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Hole Sponsors: AAMI | Dixon Advisory | Gisborne Mitre 10 | Riddell Country Practice
A short Par 4 to start with that slightly dog legs from right to left. A 3 or 5 wood is all that is required to stay short of the fairway bunkers, leaving only a short iron to a green that is bunkered left and right.
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A slightly down hill, medium length Par 3 that requires a shot that will carry to the green. The green is heavily bunkered short left and green high right. A 6 or 7 iron is usually the club to hit.
Not a long Par 5 by modern standards but it does play slightly uphill. The driving area is narrow and you must avoid the dam along the left side of the fairway. Once this is negotiated, you need to decide whether to knock your second shot on the green for two or lay up short of the greenside bunkers.
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A classic short Par 3 playing downhill. Only a 9 iron or wedge is required however playing to the middle of the green is vital as the green is bunkered and if you over club, the water will come into play.
Only a short Par 4 although beware as looks can deceive. You have to decide whether to lay up short of the fairway bunker or fly the bunker with a driver but be wary of OOB all along the left side of the fairway. The green is bunkered and a very small target.
A short Par 5 that plays downhill and if you can carry the fairway bunker on the left side, you will only have a 4 or 5 iron to the green. If you play right of the fairway bunker there is a possibility that you will run through the fairway, however you will only have a short pitch to the green for your 3rd shot and the chance for birdie.
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A slightly up hill Par 4 with fairway bunkers guarding the left side of the fairway and a creek on the right side of the fairway. Once you have negotiated the drive it leaves only a 7 or 8 iron to a green which is mounded on both sides.
With a sweeping dog leg from right to left, this medium length Par 4 does not require a driver unless hitting into a strong head wind. A 3 or 5 wood is sufficient to reach the corner leaving a 7 or 8 iron that plays down hill to a severely sloping green, so it is important to be short of the flag.
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A straight short Par 4 that is slightly uphill on the drive so you will not see where your drive finishes. Avoiding the right side of the fairway off the tee is a must as it is well mounded and further right is a pine plantation. A straight drive leaves only a short iron to a smallish green.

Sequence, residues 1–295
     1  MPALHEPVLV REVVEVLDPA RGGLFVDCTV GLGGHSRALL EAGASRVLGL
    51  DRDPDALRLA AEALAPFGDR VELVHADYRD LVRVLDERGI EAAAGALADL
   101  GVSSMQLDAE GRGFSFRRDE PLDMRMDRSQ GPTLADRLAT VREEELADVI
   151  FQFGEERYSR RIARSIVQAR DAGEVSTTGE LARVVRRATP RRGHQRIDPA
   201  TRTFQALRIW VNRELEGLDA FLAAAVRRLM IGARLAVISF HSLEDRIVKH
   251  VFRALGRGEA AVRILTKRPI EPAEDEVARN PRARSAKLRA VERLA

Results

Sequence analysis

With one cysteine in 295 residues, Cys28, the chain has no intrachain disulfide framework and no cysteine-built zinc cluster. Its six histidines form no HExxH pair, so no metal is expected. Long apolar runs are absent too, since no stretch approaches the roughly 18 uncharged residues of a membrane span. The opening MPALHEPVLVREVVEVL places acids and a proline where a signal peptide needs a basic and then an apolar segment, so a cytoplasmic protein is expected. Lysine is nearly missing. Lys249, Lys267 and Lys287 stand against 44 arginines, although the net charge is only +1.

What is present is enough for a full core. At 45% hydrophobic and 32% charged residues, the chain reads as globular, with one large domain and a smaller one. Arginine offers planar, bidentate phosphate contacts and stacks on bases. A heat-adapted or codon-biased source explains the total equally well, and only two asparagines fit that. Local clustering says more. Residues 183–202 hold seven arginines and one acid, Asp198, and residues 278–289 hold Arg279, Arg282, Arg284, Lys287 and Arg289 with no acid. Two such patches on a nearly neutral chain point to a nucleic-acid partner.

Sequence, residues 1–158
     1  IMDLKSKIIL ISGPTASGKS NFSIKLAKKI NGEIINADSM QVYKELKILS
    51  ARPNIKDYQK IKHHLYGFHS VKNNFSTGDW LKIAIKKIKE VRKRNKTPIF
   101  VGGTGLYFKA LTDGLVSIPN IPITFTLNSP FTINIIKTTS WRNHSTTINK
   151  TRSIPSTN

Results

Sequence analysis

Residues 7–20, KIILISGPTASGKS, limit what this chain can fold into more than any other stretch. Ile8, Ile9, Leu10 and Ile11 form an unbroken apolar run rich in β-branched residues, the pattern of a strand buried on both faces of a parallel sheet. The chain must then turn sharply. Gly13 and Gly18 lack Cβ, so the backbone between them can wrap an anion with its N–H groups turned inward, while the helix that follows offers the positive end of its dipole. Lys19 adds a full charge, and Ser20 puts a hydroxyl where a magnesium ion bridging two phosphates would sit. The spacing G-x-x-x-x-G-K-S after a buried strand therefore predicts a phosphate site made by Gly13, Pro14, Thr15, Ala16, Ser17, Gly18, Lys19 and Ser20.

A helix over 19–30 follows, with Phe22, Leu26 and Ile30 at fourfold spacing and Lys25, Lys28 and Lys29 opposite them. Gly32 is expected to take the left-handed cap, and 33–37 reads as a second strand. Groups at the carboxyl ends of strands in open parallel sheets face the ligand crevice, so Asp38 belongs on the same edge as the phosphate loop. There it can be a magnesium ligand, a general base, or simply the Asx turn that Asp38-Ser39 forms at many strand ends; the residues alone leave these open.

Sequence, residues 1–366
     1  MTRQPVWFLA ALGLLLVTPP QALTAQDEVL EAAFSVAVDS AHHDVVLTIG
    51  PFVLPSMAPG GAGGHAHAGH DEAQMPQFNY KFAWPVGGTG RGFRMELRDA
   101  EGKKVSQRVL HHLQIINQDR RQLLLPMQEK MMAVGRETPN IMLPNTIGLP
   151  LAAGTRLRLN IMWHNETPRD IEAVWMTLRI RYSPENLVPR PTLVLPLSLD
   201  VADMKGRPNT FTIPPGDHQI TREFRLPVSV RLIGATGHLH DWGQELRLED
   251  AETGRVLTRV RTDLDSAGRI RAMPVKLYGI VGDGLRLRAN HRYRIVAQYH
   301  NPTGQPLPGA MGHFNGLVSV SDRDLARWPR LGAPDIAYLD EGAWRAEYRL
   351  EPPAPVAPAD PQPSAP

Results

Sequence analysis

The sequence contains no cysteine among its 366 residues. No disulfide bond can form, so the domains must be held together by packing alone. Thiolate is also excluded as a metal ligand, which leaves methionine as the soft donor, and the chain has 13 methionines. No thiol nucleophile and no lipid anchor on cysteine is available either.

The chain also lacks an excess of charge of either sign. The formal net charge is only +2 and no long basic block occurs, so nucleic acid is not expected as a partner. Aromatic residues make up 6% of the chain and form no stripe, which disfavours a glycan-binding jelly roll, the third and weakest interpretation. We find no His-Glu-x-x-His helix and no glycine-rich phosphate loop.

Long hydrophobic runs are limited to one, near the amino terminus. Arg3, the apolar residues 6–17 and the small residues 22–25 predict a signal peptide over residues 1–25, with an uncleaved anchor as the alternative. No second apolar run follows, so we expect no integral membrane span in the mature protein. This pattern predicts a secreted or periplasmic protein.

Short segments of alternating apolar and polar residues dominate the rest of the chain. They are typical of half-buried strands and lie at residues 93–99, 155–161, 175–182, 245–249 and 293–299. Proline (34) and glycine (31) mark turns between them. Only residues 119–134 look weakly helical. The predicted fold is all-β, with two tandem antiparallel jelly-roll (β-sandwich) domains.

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This medium length right to left Par 4 requires a drive to be hit over the corner of the dogleg or a 3 wood to the right of the corner trees. You will be hitting to a smallish green from a downhill lie with a creek 20 metres short of the green. This hole does not give away too many birdies and par is always a bonus.
A tough, long and uphill Par 5 that is rarely reached in two because of the heavily bunkered green. One must firstly negotiate the fairway bunker off the tee as well as the OOB on the left. Once this is done, a 3 or 5 wood will leave only a pitching wedge or sand wedge to a slightly raised green.
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A long Par 3 that requires a 4 or 5 iron depending on the whether you want to fly the ball to the smallish green or run the ball up. This is the hardest decision as hitting through the green leaves it almost impossible to save par.
A short downhill Par 5 with a sharp dogleg from right to left. A straight drive will give you a good chance to putt for eagle. However, the large greenside bunker on the left, together with a sloping green, will require a straight second shot with a long iron or rescue club.
A blind tee shot on this medium length Par 4 requires a good drive which will result in a 7 or 8 iron second shot to a heavily bunkered green, especially the right side. It is preferable to miss the green short and left, leaving an easy chip to save par.
The driver must stay in the bag for this Par 4, which is a dogleg from right to left, as you will run through the fairway. A long iron, 5 wood or rescue club is all that is required, leaving you with a 7 or 8 iron to the green. To avoid deep bunkers right of the green, playing to the left side is essential.
What a great looking hole when you step onto the tee. This Par 3 requires only a 7 or 8 iron however the green is heavily bunkered left and right so a straight shot is important. By the way, be wary of the dam that must be cleared as it has claimed many “duffed” tee shots.
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A short dogleg Par 4 from left to right requiring accuracy off the tee. If hitting driver, you must avoid the large fairway bunker on the corner. A 3 wood or 5 wood is the most sensible option, leaving only an 8 or 9 iron to a slightly raised green. Deep bunkers are found left and short right of the green.
A short Par 4 to finish and what a great driving hole this is. You can hit driver and try to avoid the five fairway bunkers, leaving only a lob wedge or sand wedge to the green. Possibly the best option is to use a rescue club or fairway wood, leaving only a pitching wedge to a green that is not bunkered and quite generous in size.
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